less than satisfactory evidence

April 13 2014

In a recent article Natasha Phillips wrote:

"One of our greatest bug bears about the family justice system is the quality of evidence that comes before a court. That evidence is used to make some of the most dramatic decisions any human being might face in their lifetime and can lead to the removal of children from their family.

The veracity of that evidence then, must be of the highest calibre. Too often though, this is not the case and there is an entrenched and persistent culture inside the system which allows this exceptionally important aspect of child welfare to go awry.

Wonderful news then, that judges across the country including Mrs Justice Pauffley are making a stand against shabby procedure and less than satisfactory evidence. The latest judge to get tough on slack social work is Mr Justice Treacy, who recently ruled that a decision to remove a child from her mother was unlawful. There was simply not enough evidence, and an active decision on the Local Authority's part not to consult with all the relevant parties. As is often the case, willful fabrication of facts to see the removal through was also part of the debacle." Natasha Phillips - http://www.bbc.co.uk/news/uk-northern-ireland-26988954

It is always encouraging to hear of Judges making a stand against shabby procedure and less than satisfactory evidence, presented by those upon whom they are supposed to rely for probity and fact, concerning children’s welfare.

One of the largest employers of ‘social workers’ is CAFCASS – and their training material does not even withstand cursory analysis. They remain at liberty to make life changing recommendations about children in separating families without any guidelines as to what the ‘norms’ of parenting time might be, and have resisted all attempts to install such guidelines and training material for almost two decades. Parental alienation is rarely considered, thus, such reports often reward the actions of an abuser.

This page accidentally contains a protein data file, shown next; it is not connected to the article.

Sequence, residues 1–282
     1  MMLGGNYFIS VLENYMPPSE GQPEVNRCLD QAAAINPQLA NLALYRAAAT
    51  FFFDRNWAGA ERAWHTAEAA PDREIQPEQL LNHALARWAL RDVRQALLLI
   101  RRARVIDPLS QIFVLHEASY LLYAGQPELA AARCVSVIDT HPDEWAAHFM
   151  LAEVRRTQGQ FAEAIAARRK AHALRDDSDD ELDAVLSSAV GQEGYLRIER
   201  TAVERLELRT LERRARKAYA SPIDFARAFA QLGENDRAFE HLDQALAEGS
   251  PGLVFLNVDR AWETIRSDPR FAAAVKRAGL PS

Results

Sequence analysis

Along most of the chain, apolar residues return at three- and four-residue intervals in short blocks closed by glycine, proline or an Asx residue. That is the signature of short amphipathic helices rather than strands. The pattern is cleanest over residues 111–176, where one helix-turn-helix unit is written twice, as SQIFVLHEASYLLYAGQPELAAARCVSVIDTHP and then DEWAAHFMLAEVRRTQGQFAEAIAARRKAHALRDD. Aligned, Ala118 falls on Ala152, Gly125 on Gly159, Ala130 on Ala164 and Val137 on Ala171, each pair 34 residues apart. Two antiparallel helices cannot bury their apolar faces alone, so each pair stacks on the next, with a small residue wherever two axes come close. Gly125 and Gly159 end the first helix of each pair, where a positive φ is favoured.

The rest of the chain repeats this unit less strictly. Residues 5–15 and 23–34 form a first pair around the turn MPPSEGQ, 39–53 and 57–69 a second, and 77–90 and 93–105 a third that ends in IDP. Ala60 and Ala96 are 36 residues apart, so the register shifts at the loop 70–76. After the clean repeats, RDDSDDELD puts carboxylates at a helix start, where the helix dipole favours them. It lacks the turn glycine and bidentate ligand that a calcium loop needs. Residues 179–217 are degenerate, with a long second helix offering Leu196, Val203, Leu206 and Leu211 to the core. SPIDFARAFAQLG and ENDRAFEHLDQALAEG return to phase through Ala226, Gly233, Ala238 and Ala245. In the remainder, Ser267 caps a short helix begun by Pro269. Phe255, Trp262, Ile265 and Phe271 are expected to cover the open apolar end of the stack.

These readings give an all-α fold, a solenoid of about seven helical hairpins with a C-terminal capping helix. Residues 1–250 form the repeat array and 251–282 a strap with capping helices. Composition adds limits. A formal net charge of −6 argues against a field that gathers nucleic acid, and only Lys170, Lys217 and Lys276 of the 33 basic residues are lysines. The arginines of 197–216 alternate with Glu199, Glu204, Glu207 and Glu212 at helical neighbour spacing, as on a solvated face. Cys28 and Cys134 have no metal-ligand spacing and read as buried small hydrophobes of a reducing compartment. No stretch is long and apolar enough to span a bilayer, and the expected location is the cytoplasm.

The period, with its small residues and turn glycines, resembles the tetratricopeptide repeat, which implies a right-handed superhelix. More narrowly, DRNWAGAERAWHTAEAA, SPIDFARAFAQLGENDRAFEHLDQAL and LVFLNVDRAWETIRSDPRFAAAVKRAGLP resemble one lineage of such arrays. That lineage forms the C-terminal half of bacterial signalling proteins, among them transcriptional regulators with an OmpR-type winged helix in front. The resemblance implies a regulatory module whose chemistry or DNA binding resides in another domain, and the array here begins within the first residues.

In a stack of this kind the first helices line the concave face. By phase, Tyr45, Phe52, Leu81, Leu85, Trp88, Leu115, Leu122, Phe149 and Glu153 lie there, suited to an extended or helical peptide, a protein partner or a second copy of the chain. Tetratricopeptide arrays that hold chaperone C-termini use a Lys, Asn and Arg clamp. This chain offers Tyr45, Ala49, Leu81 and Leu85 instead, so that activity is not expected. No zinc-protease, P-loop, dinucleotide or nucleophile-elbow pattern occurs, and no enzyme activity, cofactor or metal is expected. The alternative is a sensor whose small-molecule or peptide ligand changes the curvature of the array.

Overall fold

The same deficiencies in matters of contact are doubtless mirrored in matters of care.

It is entirely right that Judges should question reports consisting of statements that are untrue, inaccurate or otherwise misleading. Litigants need to step up in this regard (or their legal representatives), by presenting the facts as they are known, rather than as they are imagined to be. Also, I profoundly believe that there should be tough penalties brought in for ‘social workers’ who lay false or misleading information before the Court.

When making life changing decisions about children, in challenging what might at best be deemed ‘less than satisfactory evidence’ the Judiciary are – in many if not most cases – rescuing children’s futures!

Kenneth Lane
Contact Matters